I was oblivious in the late 1950s to some of the real plights of Ernie Banks, but his sportsmanship and stellar stats easily earned him a place in my shoebox collection of treasured Topps baseball cards.
The Washington Post reported this in his obituary Friday night: “Banks, who was born in Dallas, began his career in the Negro Leagues as a teenager, then moved to Major League Baseball after serving two years in the Army. He joined the Cubs in 1953, during the time of Jim Crow, and was the team’s first African American player. As Chicago’s ABC affiliate noted, ‘he often was not allowed to stay at some of the same hotels or eat in the same restaurants as his teammates.’”
The publicly cheerful, deft-fielding, hard-hitting shortstop made it into the Hall of Fame. And, in my small world of 1960 — just after we got our first TV — he hit for the fences in the brief run of Home Run Derby. I liked his name. I liked his style. For me, these were the Golden Days of baseball.
Even though I oiled and slapped and fielded with a Rocky Colavito glove — admittedly, it might not have been my first choice — Banks was a hero. But, in those days, what I knew of ball players mostly was what grownups and friends said, what I heard on the radio, studied on baseball cards kept under my bed or saw on the limited use of our black-and-white TV. I’m afraid that, as great a player as Banks was, the first senses that came back to me when I saw the news of his death was the smell of a stale sheet of pink bubblegum and the powdery feel of gum dust on slick cardboard — the gum being the supposed bonus of buying a pack of Topps cards.
Mickey Mantle was the same for me: slugger, hero. And there were others. I liked Enos Slaughter for obvious reasons. Fox and Aparicio for snappy double plays. Ted Kluszewski for ripping the sleeves off his uniforms — I’m sure he tore, disdaining scissors. Willie Mays for his grace, bat and great catches — one of which I would later see in Candlestick Park. Harmon Killebrew for his threatening name. Jimmy Piersall for his centerfield antics. Whitey Ford for his control and just looking good in those Yankee pinstripes. And who would not rely on a first baseman named Moose Skowron.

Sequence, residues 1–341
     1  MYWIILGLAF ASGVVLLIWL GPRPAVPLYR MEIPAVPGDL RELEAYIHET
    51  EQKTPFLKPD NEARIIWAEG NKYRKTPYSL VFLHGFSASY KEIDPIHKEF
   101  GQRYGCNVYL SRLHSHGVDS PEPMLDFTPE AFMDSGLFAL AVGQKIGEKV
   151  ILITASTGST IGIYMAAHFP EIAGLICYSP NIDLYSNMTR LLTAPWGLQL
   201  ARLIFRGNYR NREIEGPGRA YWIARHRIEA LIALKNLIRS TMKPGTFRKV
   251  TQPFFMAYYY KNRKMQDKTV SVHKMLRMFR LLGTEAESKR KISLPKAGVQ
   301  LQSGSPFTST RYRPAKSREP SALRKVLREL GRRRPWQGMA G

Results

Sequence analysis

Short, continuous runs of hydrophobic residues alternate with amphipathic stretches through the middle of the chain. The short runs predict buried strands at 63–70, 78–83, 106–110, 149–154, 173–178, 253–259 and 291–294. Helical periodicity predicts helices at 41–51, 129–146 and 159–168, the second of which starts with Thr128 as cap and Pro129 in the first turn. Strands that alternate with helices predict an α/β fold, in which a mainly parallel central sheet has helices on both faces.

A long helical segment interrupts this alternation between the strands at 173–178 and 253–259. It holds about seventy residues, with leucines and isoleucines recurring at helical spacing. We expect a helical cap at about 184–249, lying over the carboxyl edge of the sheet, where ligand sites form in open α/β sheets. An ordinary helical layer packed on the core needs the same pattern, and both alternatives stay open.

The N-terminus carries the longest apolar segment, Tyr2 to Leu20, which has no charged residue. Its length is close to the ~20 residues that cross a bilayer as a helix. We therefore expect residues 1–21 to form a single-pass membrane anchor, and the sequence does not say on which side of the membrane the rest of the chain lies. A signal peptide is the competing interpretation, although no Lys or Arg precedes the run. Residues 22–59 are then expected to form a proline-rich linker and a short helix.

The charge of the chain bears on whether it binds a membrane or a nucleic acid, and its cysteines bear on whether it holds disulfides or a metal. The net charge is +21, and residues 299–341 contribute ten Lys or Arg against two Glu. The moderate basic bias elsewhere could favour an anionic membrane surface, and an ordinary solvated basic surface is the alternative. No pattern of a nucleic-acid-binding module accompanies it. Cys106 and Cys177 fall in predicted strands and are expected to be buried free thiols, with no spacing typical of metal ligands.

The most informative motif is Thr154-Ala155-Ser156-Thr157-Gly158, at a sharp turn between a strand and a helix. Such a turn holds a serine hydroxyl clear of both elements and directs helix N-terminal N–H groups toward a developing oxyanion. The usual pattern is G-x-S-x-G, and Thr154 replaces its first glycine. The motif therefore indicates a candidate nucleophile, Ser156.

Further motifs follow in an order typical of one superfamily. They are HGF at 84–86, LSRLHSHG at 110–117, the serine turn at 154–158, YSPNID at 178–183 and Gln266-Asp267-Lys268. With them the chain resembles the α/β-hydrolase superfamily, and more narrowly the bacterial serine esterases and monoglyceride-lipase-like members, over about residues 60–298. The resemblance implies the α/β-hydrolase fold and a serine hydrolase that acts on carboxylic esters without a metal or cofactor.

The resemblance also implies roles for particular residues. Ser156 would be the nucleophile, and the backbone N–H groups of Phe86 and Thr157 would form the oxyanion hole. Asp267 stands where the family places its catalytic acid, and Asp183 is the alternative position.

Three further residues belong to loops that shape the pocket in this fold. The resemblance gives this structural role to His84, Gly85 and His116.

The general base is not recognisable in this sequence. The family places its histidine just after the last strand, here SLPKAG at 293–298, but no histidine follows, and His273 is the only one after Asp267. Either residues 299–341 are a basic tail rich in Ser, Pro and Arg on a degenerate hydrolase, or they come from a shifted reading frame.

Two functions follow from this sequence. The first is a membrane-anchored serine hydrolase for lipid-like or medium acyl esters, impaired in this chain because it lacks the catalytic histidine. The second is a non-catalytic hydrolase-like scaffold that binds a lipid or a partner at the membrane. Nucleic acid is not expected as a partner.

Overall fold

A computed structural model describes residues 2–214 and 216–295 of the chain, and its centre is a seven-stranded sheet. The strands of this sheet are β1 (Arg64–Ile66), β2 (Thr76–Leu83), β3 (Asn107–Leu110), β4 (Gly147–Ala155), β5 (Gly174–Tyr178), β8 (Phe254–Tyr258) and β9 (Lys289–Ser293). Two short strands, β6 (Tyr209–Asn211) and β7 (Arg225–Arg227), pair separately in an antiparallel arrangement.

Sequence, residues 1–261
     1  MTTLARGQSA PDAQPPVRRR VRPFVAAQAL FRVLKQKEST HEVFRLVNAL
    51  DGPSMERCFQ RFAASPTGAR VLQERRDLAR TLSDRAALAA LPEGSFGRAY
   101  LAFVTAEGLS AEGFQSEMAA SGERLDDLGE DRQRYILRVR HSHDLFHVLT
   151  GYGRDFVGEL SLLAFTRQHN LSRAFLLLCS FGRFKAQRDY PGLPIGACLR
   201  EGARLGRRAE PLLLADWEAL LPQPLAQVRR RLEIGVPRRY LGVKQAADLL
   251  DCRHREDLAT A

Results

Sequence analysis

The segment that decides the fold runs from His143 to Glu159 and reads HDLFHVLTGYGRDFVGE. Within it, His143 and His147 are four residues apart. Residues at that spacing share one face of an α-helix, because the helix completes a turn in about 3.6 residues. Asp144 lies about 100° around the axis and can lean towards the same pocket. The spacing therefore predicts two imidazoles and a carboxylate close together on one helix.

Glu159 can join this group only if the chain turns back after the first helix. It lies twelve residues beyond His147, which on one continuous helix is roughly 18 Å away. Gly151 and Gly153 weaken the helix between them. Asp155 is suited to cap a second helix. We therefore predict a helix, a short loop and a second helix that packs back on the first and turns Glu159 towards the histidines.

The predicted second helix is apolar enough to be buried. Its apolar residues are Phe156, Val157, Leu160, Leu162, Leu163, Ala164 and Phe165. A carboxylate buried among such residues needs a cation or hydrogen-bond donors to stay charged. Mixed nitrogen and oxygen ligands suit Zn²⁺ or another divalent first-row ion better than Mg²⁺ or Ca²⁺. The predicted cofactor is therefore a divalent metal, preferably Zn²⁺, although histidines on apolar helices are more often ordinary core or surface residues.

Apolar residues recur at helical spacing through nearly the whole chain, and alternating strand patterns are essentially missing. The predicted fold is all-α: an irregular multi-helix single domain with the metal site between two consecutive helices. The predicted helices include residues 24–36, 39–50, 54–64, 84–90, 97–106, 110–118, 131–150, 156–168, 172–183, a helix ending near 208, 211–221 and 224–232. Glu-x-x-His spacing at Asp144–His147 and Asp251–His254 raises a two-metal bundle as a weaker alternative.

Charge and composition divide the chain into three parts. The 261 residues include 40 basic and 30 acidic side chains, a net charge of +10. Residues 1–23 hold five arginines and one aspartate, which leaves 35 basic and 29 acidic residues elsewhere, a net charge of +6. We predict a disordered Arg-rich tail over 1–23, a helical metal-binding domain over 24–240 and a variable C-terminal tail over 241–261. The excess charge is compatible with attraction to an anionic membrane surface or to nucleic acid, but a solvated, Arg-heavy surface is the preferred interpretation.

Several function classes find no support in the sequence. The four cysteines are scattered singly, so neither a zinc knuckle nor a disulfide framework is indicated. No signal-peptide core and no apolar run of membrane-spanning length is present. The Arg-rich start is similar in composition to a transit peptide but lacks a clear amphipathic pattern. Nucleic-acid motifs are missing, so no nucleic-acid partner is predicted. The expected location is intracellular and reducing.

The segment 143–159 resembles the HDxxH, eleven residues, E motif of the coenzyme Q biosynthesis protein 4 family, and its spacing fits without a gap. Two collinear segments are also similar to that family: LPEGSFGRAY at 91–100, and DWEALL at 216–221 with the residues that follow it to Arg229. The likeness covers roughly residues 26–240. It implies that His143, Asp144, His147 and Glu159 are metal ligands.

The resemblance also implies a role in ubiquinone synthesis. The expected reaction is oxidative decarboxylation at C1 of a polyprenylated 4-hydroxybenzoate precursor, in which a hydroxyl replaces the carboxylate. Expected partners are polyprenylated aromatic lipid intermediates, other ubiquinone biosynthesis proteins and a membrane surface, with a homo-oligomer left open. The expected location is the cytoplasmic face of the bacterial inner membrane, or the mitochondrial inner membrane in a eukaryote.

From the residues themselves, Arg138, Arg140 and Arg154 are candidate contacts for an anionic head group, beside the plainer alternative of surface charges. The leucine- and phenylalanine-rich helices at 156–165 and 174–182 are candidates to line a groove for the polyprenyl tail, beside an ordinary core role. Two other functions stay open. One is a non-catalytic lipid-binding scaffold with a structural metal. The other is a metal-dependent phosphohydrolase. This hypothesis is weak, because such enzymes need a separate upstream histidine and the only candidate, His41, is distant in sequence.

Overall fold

One of life’s first heartburns came for me in the seventh game of the 1960 World Series when Bill Mazeroski of the Pittsburgh Pirates — never one of my favorite teams, although I recognize now that Hall of Famer Mazeroski was a great second baseman — hit a bottom-of-the-ninth home run to beat the Yankees. I believe I was listening on a transistor radio someone had on the playground of Acequia Madre Elementary School in Santa Fe. I also believed the Yankees were invincible.
Heartburn returned again in 1961, when Roger Maris challenged and ultimately overtook Mantle — also invincible, I thought — in a race to beat Babe Ruth’s single-season home run record.
Those were hard moments, but back then, even the sheets of stale, brittle bubblegum that came with the baseball cards tasted good.